Simon Fairweather quits as national archery coach


Simon Fairweather quits as national archery coach

Sydney Olympics Gold Medallist, Simon Fairweather, the highest profile in Australian archery, has quit as national archery coach one year out from the London 2012 Olympic Games.

Fairweather, who won Australia's only Olympic archery gold medal on home soil in Sydney in 2000, has quit as head coach a year before the start of the 2012 Games.

Archery Australia is now conducting a worldwide search for a replacement to fill a more over-arching role as national performance director. "Undoubtedly there will be some loss of name recognition for the sport following Simon's departure," said chief executive Jim Larven.

"But for the future and particularly the way the Australian Sports Commission want to see sports travel, we've got to go down this track. Sport now is not just focusing on one or two of the elite, it's about focusing on an all encompassing programme. Simon decided he wanted to go down a certain direction in archery and that isn't what the sport wanted him to do."

The loss of Fairweather as coach has in part been balanced by the return to action of Korean born star archer, Sky Kim, who represented Australia at the Beijing Olympic Games. He adds to the depth in men's archery, with Delhi Commonwealth Games team gold medallists Matthew Gray, Mathew Masonwells and Taylor Worth and former world junior champion Ryan Tyack also targetting the London Games.

Larven is hopeful of luring Beijing Olympian Lexie Feeney out of retirement, with veteran Deonne Bridger currently the country's highest ranked women's archer. Australia should qualify one male and one female archer for the London Games at the Oceania tournament in New Zealand in January 2012.

There are only three remaining vacancies in the Olympic men's and women's teams events which will be filled at a qualifying meet in Utah, USA in June 2012, just a month before the London Games.

Back in January 2012, 40 year old coach Fairweather was interviewed after the Australian team beat the Indians in the semis at the Delhi Commonwealth Games, before clinching the gold with a win over Malaysia, said it was very satisfying. "To see it come to fruition here in an event where we weren't favourites, it's pretty exciting to see". Fairweather, who represented Australia at five Olympic Games - 1988, 1992, 1996, 2000, 2004, said "coaching was very different from being a bowman. It's a lot demanding and definitely not easy. You have to find the right combination, it's different and challenging," he said.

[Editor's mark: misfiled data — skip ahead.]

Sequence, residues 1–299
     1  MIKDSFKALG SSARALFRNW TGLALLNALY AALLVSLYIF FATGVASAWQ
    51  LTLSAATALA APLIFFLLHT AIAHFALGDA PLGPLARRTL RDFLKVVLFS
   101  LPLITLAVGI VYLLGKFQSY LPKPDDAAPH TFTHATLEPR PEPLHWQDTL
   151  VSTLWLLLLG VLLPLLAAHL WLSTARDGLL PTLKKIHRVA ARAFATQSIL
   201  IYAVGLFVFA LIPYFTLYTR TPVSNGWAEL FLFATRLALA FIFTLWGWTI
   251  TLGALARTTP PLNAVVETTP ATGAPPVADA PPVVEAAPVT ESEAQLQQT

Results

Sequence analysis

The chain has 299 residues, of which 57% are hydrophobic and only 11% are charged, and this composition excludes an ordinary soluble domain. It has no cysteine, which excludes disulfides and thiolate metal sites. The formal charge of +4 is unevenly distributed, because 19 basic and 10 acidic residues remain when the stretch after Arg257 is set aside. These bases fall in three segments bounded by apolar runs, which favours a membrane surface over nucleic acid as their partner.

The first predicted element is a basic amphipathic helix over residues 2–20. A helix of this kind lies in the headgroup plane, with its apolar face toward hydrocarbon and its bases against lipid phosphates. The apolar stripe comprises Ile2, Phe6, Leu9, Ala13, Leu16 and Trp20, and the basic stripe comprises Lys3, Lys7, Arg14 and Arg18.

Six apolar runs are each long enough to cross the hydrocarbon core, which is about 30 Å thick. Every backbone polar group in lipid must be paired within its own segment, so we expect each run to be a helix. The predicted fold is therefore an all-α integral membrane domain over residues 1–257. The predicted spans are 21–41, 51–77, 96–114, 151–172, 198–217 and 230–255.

Referring to Australian Institute of Sports archery programme, Fairweather said he was working towards Rio 2016. Asked whether he was hopeful of a medal in Olympics 2012, the Australian said "A more realistic goal would be Rio in 2016. A lot of changes need to be made and we have to develop archers. Hopefully I remain attached till 2016, or else I would switch back to jewellery design," Fairweather, who also has a degree in jewellery design, joked. "At present we have a mix of old and new with 37 year old Matthew Gray being the most senior. We have a very promising archer in 24 year old Matthew Masonwells."

Fairweather gave credit to his sister who doubled up as his agent, his parents, coach for his Sydney success which came only in his fourth Olympic appearance and nine years after he became the world champion. "It was in a very friendly environment. I had gone there with a couple of years of rigorous training. It comes every four years. An Olympic gold medal is something very different. I am really proud of it. People still recognise me, give me respect all over," he recalls about the momentous occasion on 20th September 2000.

The Aussie trailblazer strode onto the Sydney Olympic Park Homebush Bay archery field and proceeded to make it his own after beating American Victor Wunderle in a ruthless manner. "What helped was that the pressure had built up early. I had begun dealing with the process well and the experience of the past Olympics helped me in keeping cool. I've been asked a few times if it changed my life. I don't know if it did change me; it did change bits and pieces of my life."

The 2004 Athens Olympic Games did not go along well as he switched to jewellery design. "I made the team but didn't get through the first match, even as team mate, Tim Cuddihy, got a bronze. I thought it was enough as I quit archery after 2005." But at the moment he is happy coaching the side that won the men's recurve gold and youngster Masonwells.

All archery enthusiasts, particularly in Australia, wish Simon every success in his future endeavours.

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